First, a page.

The ability to rapidly shrink down to bug size (and beyond) gives Ant-Man and the Wasp tremendous advantages. But it also comes with some scale-related drawbacks, most notably, more difficulty breathing. Trick out their suits with insect-inspired microscale air pumps, compressors, and molecule filters, combined with the fictional "Pym particle" technology, et voila! Problem solved.
Anne Staples, a bioengineer at Virginia Tech, and her graduate student Max Mikel-Stites first outlined the respiratory difficulties Ant-Man and the Wasp would likely face while insect-sized in a paper published this summer in the fledgling journal Superhero Science and Technology. (Can I just say how delighted I am that this journal exists?) The group researches respiration at the microscale, using insects as models. They described their work at a meeting of the American Physical Society's Division of Fluid Dynamics in Atlanta, Georgia.
Mikel-Stites, a fan of the Marvel cinematic universe, was stoked for Ant-Man and the Wasp's release. So one day in the lab last spring, the conversation naturally turned to how difficult it would be for the superheroes to breathe when insect-sized. "Applying that perspective to Ant-Man and the Wasp seemed like a straightforward thing to do," says Mikel-Stites, who admits to being a bit nitpicky when it comes to science in the movies. And he couldn't stop thinking about the breathing problems that our superheroes would inevitably face.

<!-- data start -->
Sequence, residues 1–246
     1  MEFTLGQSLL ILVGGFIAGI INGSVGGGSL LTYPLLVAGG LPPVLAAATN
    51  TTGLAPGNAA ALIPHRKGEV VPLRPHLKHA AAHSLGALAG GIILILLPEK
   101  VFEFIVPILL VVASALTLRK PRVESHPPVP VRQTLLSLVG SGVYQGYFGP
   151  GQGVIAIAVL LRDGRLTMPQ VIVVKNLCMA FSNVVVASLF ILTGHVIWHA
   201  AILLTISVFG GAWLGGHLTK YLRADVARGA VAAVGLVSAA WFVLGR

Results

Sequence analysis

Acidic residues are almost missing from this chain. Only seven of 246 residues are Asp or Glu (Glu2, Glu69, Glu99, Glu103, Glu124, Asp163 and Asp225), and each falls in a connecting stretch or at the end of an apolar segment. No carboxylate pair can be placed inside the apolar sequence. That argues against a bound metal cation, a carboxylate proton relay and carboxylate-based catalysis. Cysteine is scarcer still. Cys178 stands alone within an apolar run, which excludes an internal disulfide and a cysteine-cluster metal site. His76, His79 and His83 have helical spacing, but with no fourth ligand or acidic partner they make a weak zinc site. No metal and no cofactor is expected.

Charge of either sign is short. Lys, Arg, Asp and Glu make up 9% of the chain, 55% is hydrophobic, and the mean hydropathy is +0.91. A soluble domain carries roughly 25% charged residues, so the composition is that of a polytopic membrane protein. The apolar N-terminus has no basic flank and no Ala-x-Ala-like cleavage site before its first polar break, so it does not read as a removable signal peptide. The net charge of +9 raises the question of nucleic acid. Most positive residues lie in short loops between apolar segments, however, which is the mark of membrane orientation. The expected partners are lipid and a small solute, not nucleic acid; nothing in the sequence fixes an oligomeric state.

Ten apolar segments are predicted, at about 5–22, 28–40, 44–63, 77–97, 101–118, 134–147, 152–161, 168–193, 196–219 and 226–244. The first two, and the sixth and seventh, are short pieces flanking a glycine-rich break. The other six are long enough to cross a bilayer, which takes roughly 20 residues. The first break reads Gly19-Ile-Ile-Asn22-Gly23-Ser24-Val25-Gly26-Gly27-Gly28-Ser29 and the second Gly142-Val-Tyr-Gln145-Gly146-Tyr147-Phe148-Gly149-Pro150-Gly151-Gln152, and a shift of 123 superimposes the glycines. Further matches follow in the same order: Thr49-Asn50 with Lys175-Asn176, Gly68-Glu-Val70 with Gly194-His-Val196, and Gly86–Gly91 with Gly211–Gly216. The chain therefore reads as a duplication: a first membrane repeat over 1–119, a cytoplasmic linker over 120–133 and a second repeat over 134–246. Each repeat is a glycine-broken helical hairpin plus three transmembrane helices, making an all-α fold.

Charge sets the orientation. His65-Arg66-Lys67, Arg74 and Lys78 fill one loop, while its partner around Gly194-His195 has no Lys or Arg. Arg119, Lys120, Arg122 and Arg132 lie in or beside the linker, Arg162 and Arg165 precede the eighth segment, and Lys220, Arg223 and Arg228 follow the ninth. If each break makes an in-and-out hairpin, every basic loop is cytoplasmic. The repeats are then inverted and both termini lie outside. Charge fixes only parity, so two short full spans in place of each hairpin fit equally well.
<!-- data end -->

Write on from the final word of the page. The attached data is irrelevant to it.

A company called Energy Vault has proposed a new utility-scale battery that is both old and new at the same time. The "battery" is mechanical, rather than chemical, and stores energy much like pumped hydro does, but it does it with bricks.
If you're not familiar with pumped hydro, it works like this. The system pumps water from a lower elevation to a higher elevation when electricity is plentiful and cheap. When electricity becomes more expensive, operators release that water through a hydroelectric turbine to give the grid some extra juice. Similarly, Energy Vault wants to build a system of six cranes, which will electrically stack heavy bricks into a tower when electricity is cheap and plentiful. When electricity becomes more scarce and expensive, the cranes will release each brick and harvest the energy from their fall.